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Montreal is a city of diversity.
English and French coexist, and tradition and pop culture coexist.
In terms of architecture and urbanism, Montreal is a city of kitsch. Orange-shaped hot dog houses, Japanese-style hotels, and urban beer factories boast their architectural postmodern power.
Also, Montreal is a city of uncanny. There are still buildings on the site of the Montreal World Exposition in 1967. The sphere-shaped American Pavilion, the Tunisian Pavillon, and the Korean Pavilion still remind us of that time. We can find some strangeness on this Montrealer site as temporary buildings became permanent ones.
In Montreal, serious-minded modernist architecture is difficult to take root. In Montreal, sensibility and pop match rather than reason and aura.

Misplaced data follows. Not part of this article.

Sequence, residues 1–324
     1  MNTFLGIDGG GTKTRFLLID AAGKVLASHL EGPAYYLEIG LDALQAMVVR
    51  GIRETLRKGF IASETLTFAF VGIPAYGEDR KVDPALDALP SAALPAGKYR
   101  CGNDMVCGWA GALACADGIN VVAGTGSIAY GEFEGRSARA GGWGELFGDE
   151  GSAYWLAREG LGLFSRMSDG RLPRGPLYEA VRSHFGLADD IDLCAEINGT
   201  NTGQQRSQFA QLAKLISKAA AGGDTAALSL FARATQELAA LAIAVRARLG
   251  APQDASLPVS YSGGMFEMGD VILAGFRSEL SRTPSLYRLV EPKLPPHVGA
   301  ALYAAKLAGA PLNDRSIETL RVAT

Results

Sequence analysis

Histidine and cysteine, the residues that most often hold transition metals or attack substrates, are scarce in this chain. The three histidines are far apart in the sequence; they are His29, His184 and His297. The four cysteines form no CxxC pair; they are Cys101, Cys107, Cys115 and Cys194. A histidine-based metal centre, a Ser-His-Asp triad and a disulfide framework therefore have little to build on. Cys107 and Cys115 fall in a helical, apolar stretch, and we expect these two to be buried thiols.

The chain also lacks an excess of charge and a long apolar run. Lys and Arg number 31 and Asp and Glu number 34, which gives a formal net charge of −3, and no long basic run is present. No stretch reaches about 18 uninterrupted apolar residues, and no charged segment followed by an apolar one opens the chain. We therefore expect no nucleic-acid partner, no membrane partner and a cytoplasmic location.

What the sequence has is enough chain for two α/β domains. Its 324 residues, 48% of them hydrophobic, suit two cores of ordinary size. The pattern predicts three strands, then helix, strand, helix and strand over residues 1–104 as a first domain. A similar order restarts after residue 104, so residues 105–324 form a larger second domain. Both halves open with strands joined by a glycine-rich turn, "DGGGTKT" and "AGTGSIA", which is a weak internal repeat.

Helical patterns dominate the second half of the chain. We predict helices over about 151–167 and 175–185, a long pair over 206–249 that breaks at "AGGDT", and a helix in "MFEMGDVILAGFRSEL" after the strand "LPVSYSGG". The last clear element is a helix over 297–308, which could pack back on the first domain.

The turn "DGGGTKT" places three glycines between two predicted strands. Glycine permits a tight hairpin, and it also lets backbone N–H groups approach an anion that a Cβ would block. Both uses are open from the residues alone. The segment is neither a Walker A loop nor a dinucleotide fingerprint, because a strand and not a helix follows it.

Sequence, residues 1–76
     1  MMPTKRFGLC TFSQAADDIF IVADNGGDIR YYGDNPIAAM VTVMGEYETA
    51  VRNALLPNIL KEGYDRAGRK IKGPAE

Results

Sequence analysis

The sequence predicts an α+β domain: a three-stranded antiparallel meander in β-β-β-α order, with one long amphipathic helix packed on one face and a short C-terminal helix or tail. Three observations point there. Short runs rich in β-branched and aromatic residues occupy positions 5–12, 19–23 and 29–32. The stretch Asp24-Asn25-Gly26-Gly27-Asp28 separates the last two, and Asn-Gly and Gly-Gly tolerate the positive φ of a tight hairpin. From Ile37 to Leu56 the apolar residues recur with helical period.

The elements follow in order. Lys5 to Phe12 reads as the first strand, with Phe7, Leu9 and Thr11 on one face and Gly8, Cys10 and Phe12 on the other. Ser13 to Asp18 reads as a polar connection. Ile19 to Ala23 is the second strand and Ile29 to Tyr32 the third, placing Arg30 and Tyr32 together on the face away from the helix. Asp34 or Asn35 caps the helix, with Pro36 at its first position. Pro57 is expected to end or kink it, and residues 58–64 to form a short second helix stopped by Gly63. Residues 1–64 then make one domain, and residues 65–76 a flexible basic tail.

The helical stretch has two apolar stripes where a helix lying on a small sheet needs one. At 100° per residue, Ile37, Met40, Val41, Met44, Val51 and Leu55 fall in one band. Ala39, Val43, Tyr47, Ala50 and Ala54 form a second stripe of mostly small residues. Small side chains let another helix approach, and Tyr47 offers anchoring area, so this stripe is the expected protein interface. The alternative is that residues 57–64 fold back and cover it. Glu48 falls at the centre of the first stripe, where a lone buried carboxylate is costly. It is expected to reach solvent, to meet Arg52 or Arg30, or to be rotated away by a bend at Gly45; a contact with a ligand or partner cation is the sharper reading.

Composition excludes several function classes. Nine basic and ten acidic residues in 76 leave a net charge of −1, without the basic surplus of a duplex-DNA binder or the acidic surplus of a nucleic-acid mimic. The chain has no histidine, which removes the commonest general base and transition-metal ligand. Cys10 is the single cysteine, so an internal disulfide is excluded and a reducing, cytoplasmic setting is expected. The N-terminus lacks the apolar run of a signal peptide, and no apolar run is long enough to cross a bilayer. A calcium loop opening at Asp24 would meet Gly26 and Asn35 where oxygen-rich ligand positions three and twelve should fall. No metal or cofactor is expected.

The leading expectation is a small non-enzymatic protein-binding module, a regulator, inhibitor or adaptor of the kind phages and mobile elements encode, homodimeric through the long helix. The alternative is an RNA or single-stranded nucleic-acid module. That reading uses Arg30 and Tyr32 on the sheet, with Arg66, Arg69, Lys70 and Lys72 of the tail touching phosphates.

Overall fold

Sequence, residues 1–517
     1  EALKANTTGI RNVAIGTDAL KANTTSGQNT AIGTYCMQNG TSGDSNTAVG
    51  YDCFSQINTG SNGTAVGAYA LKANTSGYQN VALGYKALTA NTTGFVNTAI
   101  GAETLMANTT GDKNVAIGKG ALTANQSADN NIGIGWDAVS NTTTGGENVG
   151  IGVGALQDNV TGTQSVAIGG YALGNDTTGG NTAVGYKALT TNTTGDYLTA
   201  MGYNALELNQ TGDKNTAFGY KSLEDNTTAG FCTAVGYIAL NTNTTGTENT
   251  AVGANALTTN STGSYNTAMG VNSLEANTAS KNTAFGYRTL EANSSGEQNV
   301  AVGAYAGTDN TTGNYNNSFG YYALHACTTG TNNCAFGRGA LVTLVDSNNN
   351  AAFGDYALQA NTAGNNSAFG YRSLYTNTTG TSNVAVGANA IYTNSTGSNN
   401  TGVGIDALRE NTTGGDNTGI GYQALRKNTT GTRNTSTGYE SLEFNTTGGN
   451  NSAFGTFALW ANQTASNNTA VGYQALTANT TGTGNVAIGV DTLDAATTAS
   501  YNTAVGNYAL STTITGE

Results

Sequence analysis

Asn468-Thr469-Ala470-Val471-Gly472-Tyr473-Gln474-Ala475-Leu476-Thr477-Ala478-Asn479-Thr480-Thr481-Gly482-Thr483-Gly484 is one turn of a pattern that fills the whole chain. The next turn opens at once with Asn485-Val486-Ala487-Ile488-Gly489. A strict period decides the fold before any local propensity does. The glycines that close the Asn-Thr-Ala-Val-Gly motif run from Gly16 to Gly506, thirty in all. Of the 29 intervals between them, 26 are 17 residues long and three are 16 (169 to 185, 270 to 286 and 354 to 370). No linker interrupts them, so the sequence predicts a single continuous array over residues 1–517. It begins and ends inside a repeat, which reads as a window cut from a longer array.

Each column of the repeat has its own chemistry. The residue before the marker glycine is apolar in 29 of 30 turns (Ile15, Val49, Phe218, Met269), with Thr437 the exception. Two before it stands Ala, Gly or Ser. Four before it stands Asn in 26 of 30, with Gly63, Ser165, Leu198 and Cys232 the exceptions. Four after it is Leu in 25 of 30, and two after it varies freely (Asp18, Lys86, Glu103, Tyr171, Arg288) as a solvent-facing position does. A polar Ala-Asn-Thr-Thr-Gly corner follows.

We can see some of the buildings above in both pictures. These kitsch and postmodern buildings are under the Jacques Cartier Bridge, Montreal's landmark.
The two protagonists of this painting, the feminine skyscrapers, are imagined buildings. They represent the architectural culture of Pop Montreal.
Just as Disco Disco Skyscraper shows off an African-originated dance and music, Arirang Arariyo Skyscraper represents Asian-originated dance and music.
As they radiate rays, these two dashing feminine buildings show themselves proudly in this city of diversity.
I fantasize. In Montreal, even the most famous modernist icon, open hand, loses its aura under provocative rays of this pop architecture.
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